These will be the riskiest investments if the proposed tax changed go ahead

Off-the-plan units top the list of the most perilous property investments, and the risks will rise dramatically if changes to negative gearing and capital gains tax go ahead.Buying Off The Plan

While there are already major risks associated with this type of investment due to a number of factors, including oversupply, the introduction of the reforms if Labor win this year’s federal election will compound them.

The ALP proposes to limit negative gearing to new houses only and reduce the discount on capital gains tax from the current 50 per cent to 25 per cent … and the likelihood of them winning is high.

A number of markets across Australia are already experiencing weakness and the introduction of these reforms will hit them hard.

Should the ALP policy be implemented there will be reduced demand to purchase rental properties due to the creation of primary and secondary markets, and this will cause new dwelling prices to decline in many regions.

The second owner won’t receive the same tax benefits of depreciation etc as the primary owner when they buy a property.

They will not be able to claim negative gearing against their wages and the capital gains tax discount will be cut in half.

Therefore, the vendor will have to drop the value of the property because the benefits to the buyer are lower, and it is therefore not as attractive to potential buyers.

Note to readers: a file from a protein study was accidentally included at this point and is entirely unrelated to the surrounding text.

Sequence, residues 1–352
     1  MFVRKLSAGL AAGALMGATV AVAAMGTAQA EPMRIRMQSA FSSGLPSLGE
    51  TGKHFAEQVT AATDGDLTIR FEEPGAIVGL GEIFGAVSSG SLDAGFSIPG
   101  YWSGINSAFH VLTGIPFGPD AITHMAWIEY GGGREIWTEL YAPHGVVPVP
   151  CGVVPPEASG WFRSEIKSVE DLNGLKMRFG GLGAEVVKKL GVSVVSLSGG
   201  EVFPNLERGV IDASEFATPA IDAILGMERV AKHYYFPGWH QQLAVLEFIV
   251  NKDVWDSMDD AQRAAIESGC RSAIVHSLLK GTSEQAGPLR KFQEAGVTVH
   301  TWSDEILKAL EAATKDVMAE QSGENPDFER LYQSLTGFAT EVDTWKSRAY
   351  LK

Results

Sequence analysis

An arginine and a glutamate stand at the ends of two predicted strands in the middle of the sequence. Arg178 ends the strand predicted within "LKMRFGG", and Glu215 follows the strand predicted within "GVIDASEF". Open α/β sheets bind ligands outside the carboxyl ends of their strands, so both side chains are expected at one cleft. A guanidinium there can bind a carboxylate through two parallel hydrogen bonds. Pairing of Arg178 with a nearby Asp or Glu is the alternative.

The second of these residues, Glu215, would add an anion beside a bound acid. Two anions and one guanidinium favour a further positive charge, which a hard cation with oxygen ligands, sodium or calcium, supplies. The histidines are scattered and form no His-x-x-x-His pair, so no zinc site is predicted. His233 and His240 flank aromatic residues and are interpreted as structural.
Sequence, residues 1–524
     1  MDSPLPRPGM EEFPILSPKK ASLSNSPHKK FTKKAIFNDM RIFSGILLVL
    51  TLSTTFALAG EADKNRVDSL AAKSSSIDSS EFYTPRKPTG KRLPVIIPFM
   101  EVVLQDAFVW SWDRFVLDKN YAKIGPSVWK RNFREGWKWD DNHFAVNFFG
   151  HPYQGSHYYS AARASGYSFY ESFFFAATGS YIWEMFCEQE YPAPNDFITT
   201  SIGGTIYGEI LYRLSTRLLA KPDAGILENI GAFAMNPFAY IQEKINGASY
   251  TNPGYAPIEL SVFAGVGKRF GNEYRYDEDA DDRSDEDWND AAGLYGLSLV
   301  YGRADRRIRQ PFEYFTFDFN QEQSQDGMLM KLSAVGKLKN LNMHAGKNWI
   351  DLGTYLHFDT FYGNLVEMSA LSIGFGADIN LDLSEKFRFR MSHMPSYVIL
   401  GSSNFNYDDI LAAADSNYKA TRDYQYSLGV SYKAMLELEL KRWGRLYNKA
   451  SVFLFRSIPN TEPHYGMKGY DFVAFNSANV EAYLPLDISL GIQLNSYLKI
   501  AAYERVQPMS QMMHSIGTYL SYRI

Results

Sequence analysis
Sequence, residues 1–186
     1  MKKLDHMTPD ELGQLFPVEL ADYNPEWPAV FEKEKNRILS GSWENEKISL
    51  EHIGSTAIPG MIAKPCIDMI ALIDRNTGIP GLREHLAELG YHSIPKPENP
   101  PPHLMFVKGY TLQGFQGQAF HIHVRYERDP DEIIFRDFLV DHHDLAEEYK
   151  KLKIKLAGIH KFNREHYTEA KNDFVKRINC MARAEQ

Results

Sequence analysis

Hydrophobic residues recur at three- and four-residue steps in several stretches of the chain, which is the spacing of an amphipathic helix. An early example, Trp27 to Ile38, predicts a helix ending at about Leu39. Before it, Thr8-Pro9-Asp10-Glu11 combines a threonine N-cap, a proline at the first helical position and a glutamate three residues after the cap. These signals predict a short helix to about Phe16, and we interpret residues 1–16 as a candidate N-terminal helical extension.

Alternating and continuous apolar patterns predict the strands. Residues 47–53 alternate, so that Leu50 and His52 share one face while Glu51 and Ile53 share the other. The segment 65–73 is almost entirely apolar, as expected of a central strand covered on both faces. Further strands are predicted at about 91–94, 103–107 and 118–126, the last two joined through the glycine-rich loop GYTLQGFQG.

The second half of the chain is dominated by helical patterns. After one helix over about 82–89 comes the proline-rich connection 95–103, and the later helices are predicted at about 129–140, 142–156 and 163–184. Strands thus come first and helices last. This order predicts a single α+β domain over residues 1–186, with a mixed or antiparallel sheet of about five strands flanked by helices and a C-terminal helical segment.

So, when a market is already weak, for example off-the-plan units in an over-supplied area, as we see in capital cities around the country, this will contribute further to the price reductions.

Inner City Brisbane is a good example.

An example of this is inner-city Brisbane where weakness in the market had led to lower valuations, rising defaults on settlements, major discounting, falling rents and ‘over-the-top’ incentives to get buyers across the line.

Brisbane Inner City Units November


Brisbane City, Fortitude Valley and South Brisbane were all named in the Top 10 of the RiskWise 2018 list of the 100 Worst Off-The-Plan Suburbs in Australia, as were Zetland and Epping in Sydney and Southbank in Melbourne where oversupply of units is a huge issue.

In South Australia, the highest risk area for units was Adelaide CBD (postcode 5000), where oversupply was extreme and, according to CoreLogic, had delivered -2.9 per cent capital growth in the past 12 months.

In Perth they delivered -6.5 per cent capital growth.

The Perth – Inner area has the highest rate of unit oversupply in Western Australia with 4362 units in the pipeline (a 11.1 per cent increase to the current stock), while the Greater Perth area has 12,687 units in the pipeline which is a 6 per cent increase to the current stock.

Oversupply is an issue

The widespread oversupply issue was universally acknowledged by banks which had ‘blacklists’ for postcodes suffering potential unit saturation.Brisbane Off The Plan Apartment Buyers Lose Up To 36 Percent 2

In addition, he said lenders were scrutinising loan applications much more vigorously and either required a much higher deposit as security or were turning down the application entirely.